Mistakes happen. As frustrating as that may sound, mistakes are inevitable because humans are imperfect beings. In fact, most crashes and injuries are the result of human error rather than factors outside of a worker’s control.
Depending on the severity of the error, an employee making a mistake can be understandable. It is important for managers and supervisors to separate acceptable mistakes from unacceptable mistakes and to be mindful of how they respond to each.
Acceptable mistakes are those that come from trial and error. Consider Thomas Edison: When asked about his failures when trying to invent the electric light bulb, Edison replied, “I have not failed. I’ve just found 10,000 ways that did not work."
Mistakes are part of an employee’s learning, growth, and maturity. Creating a blame-free work environment can pay big dividends when an acceptable mistake occurs. Rather than being critical, make employees feel safe making mistakes. This approach promotes learning, invites innovation, improves morale, and increases employee retention.
Unacceptable mistakes can stem from an employee’s intentional decision to violate company policies and procedures, such as speeding, theft, or sexual harassment. Employees should be held accountable for their actions, but be mindful of how you initially react. Emotions can get the best of anyone, so take time to collect yourself, gather the facts, and involve the human resources department before responding.
Even if an employee’s bad mistake warrants immediate termination, handling the situation professionally and respectfully speaks volumes to your staff.
Here are a couple of tips to consider when dealing with employee performance issues.
One-time errors vs. performANCE gaps
An employee’s one-time error is understandable. Nobody is perfect. However, if errors persist, the disparity between the employee’s current performance and his or her expected performance should be viewed as a performance gap.
If this is the case, do not assume the solution is training. The root cause of the problem could be any number of issues, including the employee’s work environment. For example, it may be too loud or too dark where the employee works, the process the employee is following is flawed, or a mechanical defect exists in the equipment being used.
Keep in mind, training will not fix an unmotivated employee or one who lacks the cognitive abilities required to perform particular tasks.
View Mistakes as learning opportunities
This may sound cliché, but mistakes offer us the best opportunity to learn. Create an environment that makes it safe for certain failures.
Start by keeping the employee’s track record in mind before saying anything. Chances are, they are being harder on themselves than you will ever be. Also, watch your language. Rather than scolding employees or making off-hand remarks diminishing them, use the situation as a teaching moment.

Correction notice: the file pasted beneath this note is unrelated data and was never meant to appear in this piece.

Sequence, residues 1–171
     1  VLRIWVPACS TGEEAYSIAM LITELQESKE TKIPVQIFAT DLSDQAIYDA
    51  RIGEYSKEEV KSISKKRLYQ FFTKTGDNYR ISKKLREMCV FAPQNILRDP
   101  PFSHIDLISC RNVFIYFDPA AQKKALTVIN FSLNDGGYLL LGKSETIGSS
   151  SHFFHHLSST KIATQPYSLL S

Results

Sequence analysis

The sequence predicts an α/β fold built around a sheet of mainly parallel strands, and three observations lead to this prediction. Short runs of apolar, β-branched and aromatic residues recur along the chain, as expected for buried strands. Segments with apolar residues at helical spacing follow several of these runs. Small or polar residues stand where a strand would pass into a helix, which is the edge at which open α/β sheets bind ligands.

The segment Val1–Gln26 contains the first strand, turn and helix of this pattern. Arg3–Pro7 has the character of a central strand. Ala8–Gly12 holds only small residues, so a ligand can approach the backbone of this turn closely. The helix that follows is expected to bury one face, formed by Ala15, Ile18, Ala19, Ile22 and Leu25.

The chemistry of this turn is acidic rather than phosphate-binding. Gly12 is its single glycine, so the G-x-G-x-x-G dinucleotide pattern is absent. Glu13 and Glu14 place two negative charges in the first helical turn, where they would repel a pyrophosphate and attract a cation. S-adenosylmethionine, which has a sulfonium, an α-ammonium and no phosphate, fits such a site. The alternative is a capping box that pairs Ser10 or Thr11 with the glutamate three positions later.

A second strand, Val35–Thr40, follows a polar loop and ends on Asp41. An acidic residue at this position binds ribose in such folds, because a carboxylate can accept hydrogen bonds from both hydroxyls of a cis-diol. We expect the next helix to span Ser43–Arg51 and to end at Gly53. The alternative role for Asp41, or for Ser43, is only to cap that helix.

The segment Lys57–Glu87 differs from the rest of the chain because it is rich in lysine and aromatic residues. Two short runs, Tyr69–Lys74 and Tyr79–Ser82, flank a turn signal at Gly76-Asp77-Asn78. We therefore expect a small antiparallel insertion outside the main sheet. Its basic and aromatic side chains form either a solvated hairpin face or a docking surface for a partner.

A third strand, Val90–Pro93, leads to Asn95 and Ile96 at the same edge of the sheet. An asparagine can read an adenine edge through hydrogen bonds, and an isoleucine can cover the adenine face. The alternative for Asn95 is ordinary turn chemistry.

It is likely that employees already know what went wrong and will make the correction without you saying anything. If not, try coaching them and helping employees realize their mistakes themselves.
CALL TO ACTION
Survey employees to learn how they perceive management’s attitude towards employee mistakes.
Investigate the root cause of employee mistakes using various tools, such as fault-tree analysis.
Measure employee performance, such as roadside violations, mechanical defects, etc.
Partner with the training department or a consultant when evaluating performance gaps.
Note: These lists are not intended to be all-inclusive.
The information in this article is provided as a courtesy of Great West Casualty Company and is part of the Value-Driven® Company program. Value-Driven Company was created to help educate and inform insureds so they can make better decisions, build a culture that values safety, and manage risk more effectively. To see what additional resources Great West Casualty Company can provide for its insureds, please contact your safety representative, or click below to find an agent.
© Great West Casualty Company 2020. The material in this publication is the property of Great West Casualty Company unless otherwise noted and may not be reproduced without its written consent by any person other than a current insured of Great West Casualty Company for business purposes. Insured should attribute use as follows: “© Great West Casualty Company 2020. Used with permission by Great West Casualty Company.”
This material is intended to be a broad overview of the subject matter and is provided for informational purposes only. Great West Casualty Company does not provide legal advice to its insureds, nor does it advise insureds on employment-related issues. Therefore, the subject matter is not intended to serve as legal or employment advice for any issue(s) that may arise in the operations of its insureds. Legal advice should always be sought from the insured’s legal counsel. Great West Casualty Company shall have neither liability nor responsibility to any person or entity with respect to any loss, action, or inaction alleged to be caused directly or indirectly as a result of the information contained herein.